.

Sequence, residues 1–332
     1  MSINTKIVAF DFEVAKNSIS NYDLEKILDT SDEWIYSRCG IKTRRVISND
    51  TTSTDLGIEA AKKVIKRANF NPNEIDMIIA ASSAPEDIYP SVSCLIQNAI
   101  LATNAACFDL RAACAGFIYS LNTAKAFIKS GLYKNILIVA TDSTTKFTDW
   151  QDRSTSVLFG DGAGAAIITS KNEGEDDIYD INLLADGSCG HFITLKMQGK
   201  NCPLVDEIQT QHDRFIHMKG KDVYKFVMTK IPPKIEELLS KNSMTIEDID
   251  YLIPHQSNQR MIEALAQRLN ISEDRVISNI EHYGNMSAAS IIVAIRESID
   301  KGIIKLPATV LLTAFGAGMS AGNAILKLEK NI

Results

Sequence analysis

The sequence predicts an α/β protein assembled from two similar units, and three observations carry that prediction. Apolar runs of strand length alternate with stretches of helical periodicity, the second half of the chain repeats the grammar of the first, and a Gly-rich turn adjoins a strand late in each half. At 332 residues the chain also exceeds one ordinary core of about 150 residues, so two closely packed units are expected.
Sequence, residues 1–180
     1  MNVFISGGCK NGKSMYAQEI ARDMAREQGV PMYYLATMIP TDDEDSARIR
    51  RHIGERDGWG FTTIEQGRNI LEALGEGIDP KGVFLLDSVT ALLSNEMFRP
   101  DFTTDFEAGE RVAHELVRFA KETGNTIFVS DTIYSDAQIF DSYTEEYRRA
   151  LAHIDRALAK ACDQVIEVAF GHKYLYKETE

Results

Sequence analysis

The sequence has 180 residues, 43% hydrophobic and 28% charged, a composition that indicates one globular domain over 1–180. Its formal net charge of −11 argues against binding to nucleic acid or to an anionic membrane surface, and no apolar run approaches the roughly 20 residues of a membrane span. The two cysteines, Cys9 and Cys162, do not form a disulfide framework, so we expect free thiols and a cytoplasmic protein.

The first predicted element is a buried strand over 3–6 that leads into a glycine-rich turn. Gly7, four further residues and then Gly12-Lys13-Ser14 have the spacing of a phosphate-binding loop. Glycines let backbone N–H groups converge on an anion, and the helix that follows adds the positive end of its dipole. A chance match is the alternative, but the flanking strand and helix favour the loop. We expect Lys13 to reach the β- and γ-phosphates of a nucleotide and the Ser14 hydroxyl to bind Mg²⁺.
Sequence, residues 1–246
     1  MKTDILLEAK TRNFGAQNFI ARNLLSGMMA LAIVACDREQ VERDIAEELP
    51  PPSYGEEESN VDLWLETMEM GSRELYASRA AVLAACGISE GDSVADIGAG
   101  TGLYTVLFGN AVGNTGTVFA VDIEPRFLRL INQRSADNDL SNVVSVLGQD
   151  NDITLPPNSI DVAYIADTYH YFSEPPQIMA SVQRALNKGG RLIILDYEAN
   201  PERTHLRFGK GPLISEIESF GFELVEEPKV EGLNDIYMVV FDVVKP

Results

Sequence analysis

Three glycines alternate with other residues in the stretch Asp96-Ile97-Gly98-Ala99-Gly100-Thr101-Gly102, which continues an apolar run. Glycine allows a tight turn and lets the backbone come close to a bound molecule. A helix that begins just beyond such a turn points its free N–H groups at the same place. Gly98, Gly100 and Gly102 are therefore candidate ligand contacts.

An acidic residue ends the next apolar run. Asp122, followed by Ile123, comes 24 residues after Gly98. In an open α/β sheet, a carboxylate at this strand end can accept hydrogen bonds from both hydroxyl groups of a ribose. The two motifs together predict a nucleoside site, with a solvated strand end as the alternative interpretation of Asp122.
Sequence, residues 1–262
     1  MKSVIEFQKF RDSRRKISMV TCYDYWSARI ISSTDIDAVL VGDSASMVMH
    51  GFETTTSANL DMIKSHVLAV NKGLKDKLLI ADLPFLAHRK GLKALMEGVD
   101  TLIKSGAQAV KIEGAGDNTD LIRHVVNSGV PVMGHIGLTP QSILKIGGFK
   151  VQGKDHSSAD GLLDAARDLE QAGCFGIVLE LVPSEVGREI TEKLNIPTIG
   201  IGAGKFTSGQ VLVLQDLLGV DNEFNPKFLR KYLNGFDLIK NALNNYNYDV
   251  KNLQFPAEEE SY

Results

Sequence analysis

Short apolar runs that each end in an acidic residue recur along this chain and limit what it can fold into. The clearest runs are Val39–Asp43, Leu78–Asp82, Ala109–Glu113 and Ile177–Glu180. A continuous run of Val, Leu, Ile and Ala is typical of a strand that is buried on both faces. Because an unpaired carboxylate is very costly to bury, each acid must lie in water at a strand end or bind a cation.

Its main features were land reform. with great strength in the security services. The leaders of that party called for a coup. as President Daoud’s regime approached its fifth year. an urban coup d’état. The Saur “Revolution” and the SovietAfghan War. That party was soon pushed aside and its leader was sent abroad on ambassadorial duties. attacked the palace. was led by Nur Mohammad Taraki and Hafizullah Amin. was led by Babrak Karmal. It was brutally applied and 25 .3. warming to the United States while relations with Moscow cooled.1 The PDPA was one party with two very different factions. killing Daoud and his family. first against Afghan communists and later the invading Soviet Union. The Khalq (Masses) faction. who put the leading members of the People’s Democratic Party of Afghanistan under house arrest. 1978–1989 The relative stability of 1933 to 1978 gave way to insurrection. He began to tack to the right. with some logistical help from Soviet advisors. marked the birth of the Democratic Republic of Afghanistan. and equal rights for women. A demonstration after the mysterious death of an Afghan leftist alarmed Daoud. Their program—formed over Soviet objections—seemed almost designed to bring about an insurrection. A relatively small band of leftist army officers. The Saur (April) Revolution. usury reform. the Parcham (Banner) faction. All of these were unpopular. Taraki and Amin were radical ideologues with a penchant for rapid modernization. he realized that the leftists had grown strong during his rule. A more moderate and broad-based group. Land reform was particularly destabilizing. The communist coup and the Soviet invasion touched off 33 years of war that continues to the present. The leaders of the Khalq faction. In 1978.